Pondering Pulaski: Contemplating the Klan

October 30, 2007

Drove from Kingsport to the Jack Daniel’s distillery today, then headed west on U.S. 64 bound for Memphis. We stopped in Pulaski to get a photo of the birthplace of the Ku Klux Klan, and therein lies a tale.

In the days following the Civil War, this nefarious organization was allegedly conjured up by six bored Confederate veterans on Christmas Eve of 1865. The story (at least among white Southerners) goes that the young men really meant no harm in creating an organization with weird names and costumes. Covered with sheets, they pranced around on horseback on winter nights and just happened to notice that their actions scared the superstitious former slaves in and around Giles County.

Yeah. Right.

Somehow baser elements took hold of the Klan (again according to white gentry) and transformed it into a terrorist organization that ruled much of the Reconstruction South and was led by none other than Nathan Bedford Forrest, former slave merchant and tactical genius for the Confederacy. When he saw that Klan lawlessness might bring more Federal troops to the South, he disbanded the Klan, but, alas, it has never really died.

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Road trips and jerky and Dwight Yoakam

October 19, 2007

Since moving to Colorado, I have come to associate road trips with jerky. Out here, at least in the warmer months, purveyors of seasoned and dried meat park their vans along heavily traveled routes, with the more enterprising staking out a series of signs a la Burma Shave leading to the mobile store.

I’m getting ready to fly to Fort Myers, Florida then drive to Kingsport and across Tennessee, so I’ve got traveling and jerky on my mind. Metro Pulse has a good article on The Beef Jerky Outlet just off I-40 next to the Bass Pro Shop. Could there be a better location?

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Boy street preacher in Gatlinburg

October 18, 2007

The latest attraction in Gatlinburg tops anything conjured up by the Ripley’s Believe It or Not schlockmeisters. The Mountain Press brings the glad tidings of a seven year old boy preacher who stands on the streets of that exalted hamlet and informs people that they are going straight to hell if they don’t repent.

Some of us think that spending time in Gatlinburg and going to hell are redundant, but that’s beside the point.

Samuel Boutwell appears to be the latest version of Marjoe, the (in)famous boy preacher turned adult evangelical charlatan whose 1972 documentary won an Oscar. Young Brother Boutwell, so far, seems limited to several clips on YouTube. Samuel is from Brookhaven, Mississippi, has allegedly preached in New York at Ground Zero, and is home schooled–no surprise there.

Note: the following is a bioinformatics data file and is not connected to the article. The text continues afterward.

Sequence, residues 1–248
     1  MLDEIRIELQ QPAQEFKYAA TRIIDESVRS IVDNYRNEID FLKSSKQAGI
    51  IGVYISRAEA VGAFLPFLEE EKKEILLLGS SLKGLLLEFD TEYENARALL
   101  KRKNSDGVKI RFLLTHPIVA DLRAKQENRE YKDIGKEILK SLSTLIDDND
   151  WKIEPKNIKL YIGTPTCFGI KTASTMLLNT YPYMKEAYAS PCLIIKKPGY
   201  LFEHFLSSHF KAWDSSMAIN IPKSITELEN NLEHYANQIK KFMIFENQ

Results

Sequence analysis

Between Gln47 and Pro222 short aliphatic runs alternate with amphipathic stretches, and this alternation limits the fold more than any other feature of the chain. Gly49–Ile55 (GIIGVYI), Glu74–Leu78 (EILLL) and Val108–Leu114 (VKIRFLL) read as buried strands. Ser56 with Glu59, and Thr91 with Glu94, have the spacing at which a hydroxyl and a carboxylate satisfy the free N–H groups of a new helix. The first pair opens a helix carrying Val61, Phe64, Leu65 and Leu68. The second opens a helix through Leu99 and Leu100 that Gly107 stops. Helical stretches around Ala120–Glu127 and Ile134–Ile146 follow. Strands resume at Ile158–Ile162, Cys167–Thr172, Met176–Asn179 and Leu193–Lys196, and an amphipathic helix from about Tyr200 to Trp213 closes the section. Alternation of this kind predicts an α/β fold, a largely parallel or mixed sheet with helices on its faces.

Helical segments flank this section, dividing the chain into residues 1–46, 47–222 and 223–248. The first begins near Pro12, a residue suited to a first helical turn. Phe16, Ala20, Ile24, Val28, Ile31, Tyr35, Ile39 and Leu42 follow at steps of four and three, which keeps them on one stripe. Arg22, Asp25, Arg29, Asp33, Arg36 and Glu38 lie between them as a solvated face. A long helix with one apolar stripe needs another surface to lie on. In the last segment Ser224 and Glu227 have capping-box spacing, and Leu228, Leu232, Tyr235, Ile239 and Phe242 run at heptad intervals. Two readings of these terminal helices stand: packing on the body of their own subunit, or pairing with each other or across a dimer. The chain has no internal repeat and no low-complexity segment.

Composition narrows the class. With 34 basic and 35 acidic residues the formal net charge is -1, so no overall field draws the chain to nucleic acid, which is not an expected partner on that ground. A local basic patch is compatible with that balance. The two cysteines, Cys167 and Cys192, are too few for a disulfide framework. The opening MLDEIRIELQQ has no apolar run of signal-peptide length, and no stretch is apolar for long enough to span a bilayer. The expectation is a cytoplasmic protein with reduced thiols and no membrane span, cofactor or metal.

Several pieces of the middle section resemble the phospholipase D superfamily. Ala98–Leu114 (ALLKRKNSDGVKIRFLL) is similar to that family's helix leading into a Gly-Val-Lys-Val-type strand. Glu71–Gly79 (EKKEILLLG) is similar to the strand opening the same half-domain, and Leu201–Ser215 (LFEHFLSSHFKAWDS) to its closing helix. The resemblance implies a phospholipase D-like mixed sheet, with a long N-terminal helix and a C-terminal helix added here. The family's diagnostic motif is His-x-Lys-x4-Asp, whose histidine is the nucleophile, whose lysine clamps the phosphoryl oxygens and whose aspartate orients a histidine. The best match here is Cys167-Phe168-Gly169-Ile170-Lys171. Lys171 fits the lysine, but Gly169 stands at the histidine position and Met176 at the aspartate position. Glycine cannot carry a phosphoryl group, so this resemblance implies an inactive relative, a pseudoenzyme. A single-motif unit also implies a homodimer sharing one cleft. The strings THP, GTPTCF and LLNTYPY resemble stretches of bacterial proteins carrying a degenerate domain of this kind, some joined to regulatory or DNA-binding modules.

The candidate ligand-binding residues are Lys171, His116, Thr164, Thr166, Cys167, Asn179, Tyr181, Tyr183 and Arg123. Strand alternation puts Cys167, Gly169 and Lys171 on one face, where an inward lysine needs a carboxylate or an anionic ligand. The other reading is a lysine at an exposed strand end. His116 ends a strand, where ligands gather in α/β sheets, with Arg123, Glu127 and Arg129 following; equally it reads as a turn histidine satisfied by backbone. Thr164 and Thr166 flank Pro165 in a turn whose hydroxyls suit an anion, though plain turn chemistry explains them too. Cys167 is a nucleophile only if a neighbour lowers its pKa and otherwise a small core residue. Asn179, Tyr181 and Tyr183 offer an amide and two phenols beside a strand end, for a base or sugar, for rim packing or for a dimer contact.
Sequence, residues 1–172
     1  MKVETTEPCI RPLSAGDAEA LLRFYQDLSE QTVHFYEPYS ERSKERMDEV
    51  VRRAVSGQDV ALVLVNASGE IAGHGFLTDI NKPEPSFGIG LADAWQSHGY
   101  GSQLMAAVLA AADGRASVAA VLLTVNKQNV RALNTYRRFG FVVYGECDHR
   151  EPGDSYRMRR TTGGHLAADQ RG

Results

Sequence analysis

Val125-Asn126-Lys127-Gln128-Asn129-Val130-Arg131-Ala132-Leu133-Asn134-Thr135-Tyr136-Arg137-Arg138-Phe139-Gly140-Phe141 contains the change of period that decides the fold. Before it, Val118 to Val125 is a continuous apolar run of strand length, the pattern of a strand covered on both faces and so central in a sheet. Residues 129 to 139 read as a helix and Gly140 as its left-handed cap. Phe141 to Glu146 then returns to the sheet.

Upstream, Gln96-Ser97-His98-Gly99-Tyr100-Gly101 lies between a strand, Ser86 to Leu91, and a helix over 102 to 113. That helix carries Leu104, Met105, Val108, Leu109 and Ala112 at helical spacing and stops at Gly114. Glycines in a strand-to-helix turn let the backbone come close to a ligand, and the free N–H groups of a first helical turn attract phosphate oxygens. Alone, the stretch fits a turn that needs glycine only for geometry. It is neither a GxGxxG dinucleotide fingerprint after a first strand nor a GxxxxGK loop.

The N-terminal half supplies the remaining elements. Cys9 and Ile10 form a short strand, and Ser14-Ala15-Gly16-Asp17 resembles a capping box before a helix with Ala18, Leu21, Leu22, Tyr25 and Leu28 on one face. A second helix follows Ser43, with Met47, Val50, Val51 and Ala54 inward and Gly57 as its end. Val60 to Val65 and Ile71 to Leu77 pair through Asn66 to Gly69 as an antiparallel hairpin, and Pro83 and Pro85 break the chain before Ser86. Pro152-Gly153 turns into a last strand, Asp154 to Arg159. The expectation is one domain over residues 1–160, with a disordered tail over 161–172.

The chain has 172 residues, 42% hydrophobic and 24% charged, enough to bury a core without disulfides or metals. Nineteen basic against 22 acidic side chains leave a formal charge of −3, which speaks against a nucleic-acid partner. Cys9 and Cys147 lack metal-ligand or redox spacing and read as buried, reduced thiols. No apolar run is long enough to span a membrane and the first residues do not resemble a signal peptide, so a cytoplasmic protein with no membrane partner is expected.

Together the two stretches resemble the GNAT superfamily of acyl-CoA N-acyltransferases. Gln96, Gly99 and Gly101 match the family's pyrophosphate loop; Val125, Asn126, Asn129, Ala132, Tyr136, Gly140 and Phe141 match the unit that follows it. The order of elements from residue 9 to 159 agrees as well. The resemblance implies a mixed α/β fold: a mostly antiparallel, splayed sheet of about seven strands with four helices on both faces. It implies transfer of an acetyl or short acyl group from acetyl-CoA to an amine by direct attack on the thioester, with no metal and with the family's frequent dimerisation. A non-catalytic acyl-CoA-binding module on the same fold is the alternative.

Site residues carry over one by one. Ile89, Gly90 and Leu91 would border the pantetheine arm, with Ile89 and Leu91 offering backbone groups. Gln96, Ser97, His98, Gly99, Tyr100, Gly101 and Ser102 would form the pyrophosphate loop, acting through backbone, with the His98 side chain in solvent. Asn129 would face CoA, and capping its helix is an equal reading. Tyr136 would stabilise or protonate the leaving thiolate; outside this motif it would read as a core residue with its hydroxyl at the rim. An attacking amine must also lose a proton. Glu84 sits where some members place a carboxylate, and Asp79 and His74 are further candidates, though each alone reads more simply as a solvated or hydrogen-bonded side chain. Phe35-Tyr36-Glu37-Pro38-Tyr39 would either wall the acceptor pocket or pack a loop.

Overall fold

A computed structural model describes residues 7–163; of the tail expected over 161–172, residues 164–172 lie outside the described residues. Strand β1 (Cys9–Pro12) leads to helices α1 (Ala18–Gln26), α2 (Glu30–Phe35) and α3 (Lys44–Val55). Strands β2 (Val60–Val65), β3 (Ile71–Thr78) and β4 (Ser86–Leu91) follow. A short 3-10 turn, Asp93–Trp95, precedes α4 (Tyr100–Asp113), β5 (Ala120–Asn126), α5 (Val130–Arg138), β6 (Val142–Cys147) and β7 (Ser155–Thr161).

Lord, Lord, you cannot make this stuff up.


Ernest Withers, photographer of Black life, dies at 85

October 16, 2007

The Memphis Commercial Appeal brings the sad news that photographer Ernest Withers has died at age 85. Quoted in the article, Memphis Brooks Museum of Art director Kaywin Feldman said, “Ernest Withers is internationally recognized as one of the most important American photographers of the 20th century. Not only did Withers capture iconic images of the civil rights movement, but he also produced important photographs of the Negro Baseball League, Memphis musicians and daily life for African-Americans in Memphis. We are proud to have almost 200 of Withers’ photographs in our permanent collection.”

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Photo of Elvis and BB King  © Ernest C. Withers courtesy of Panopticon Gallery, Boston.

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Tennessean Todd Helton Triumphant

October 16, 2007

Growing up in East Tennessee in the 1950s and ’60s, I never felt much of a lure from professional baseball. The Braves weren’t in Atlanta yet, and Cincinnati seemed like a long way off. My friends pulled for the New York Yankees, so I did, too, but with no real enthusiasm. When I moved to the Boston area, I gave my heart to the Red Sox, whose Fenway Park seemed to exemplify real baseball, not these pleasure palace ballparks with all the box seats.

We moved to Boulder, Colorado in 1992, and the very next spring entered a lottery and won tickets the the very first Colorado Rockies home game. It was held in Mile High Stadium, home of the Denver Broncos, and 80,000 people were on hand–a record setting number of people to see a major league game. The very first Rockies batter to bat at home hit a home run. It was a wonderful day.

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Which came first, the window or the sign?

October 11, 2007

Walking in Chattanooga, I saw some odd window/sign juxtapositions.

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Walking in Chattanooga–Siskin religious art

October 11, 2007

Just across the street from the Chattanooga Convention Center is the Siskin Children’s Institute, a place dedicated to improving the quality of life for children with special needs and their families. You can hear the children playing and see some of them in wheelchairs.

Inside the building, however, is one of the biggest collections of religious art in Tennessee and a remarkable story behind it.

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